There were 13 patients with COVID-19 who developed clinical worsening with new or progressive radiographic findings and had mcfNGS performed to evaluate for secondary pneumonia after clinical worsening who were included in the study. Patient characteristics are summarized in Table 1. Twelve were immunosuppressed: 61% (8/13) following solid organ transplantation and 15% (2/13) with hematologic malignancies. The severity of COVID-19 infection was critical in 31% (4/13) patients, requiring mechanical ventilation in 2 and severe in 23% (3/13). There was a 25% (3/12) 30-day mortality in those with adequate follow up available. Forty-six percent (6/13) underwent bronchoscopy for further diagnostic workup. At the time of mcfNGS testing, 92% (12/13) were on antifungal therapy: 8 were on empiric treatment, 3 were escalated to combination therapy, and 3 were already on antifungals for other indications before the development of secondary pneumonia including prophylaxis (patients 3 and 7) and empiric treatment (patient 2). 9/13 (69%) patients were on antibacterial therapy, 8 were started on empiric treatment and 1 was already on antibiotics for other indications before the development of secondary pneumonia. The median (range) time on antimicrobial therapy before mcfNGS was 5 (1–682) days for antifungal agents and 5 (1–22 days) for antibacterial agents and the median time from secondary symptom onset to mcfNGS was 9 (4–37) days.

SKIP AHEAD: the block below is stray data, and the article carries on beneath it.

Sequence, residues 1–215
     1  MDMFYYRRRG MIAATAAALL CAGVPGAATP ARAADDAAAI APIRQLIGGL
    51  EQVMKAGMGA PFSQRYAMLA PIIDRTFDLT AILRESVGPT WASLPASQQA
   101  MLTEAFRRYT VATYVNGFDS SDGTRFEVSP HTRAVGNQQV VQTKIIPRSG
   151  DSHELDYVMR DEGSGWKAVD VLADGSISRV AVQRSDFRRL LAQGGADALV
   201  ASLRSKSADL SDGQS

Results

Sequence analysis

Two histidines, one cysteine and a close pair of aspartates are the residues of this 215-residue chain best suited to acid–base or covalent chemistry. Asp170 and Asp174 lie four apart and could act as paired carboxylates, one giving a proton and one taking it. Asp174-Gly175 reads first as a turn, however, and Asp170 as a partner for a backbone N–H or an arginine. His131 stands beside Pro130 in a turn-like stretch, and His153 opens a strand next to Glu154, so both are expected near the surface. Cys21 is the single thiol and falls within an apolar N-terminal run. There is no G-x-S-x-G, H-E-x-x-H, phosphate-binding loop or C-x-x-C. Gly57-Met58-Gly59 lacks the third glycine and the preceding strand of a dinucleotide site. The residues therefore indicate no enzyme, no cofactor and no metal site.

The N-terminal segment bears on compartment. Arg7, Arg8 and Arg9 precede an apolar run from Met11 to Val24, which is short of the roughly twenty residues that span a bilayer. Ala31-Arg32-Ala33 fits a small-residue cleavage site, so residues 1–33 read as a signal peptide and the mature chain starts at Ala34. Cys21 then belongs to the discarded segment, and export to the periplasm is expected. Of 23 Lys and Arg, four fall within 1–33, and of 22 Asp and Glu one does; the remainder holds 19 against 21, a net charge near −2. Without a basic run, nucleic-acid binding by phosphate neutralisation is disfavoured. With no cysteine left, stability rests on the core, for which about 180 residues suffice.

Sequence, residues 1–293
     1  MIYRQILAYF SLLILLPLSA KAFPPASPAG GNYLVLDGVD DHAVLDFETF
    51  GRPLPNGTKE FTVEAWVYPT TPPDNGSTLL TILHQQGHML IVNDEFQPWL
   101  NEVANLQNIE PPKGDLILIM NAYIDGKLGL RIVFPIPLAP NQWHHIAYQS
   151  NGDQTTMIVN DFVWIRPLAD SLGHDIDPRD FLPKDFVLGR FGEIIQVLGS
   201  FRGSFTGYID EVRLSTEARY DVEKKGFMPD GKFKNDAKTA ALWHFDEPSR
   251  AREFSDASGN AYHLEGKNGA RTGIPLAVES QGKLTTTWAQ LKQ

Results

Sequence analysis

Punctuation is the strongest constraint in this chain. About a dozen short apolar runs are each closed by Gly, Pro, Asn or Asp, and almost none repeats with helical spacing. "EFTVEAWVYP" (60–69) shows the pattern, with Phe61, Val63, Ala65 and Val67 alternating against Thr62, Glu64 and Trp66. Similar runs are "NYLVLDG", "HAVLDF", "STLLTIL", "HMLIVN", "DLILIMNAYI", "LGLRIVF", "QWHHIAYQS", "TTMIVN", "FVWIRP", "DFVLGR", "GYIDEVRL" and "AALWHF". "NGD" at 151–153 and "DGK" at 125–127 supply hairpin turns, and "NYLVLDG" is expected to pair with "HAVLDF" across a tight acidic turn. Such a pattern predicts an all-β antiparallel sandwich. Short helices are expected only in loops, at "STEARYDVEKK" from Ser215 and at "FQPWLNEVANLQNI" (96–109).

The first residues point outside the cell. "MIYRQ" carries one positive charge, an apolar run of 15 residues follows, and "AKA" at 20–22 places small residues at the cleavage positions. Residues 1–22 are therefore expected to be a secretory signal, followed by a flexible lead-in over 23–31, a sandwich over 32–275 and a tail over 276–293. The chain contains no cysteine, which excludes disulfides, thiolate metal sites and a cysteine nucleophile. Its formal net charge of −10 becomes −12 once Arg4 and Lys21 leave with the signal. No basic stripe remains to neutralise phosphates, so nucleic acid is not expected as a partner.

Table 1. Clinical variables of cohort patients who underwent mcfNGS testinga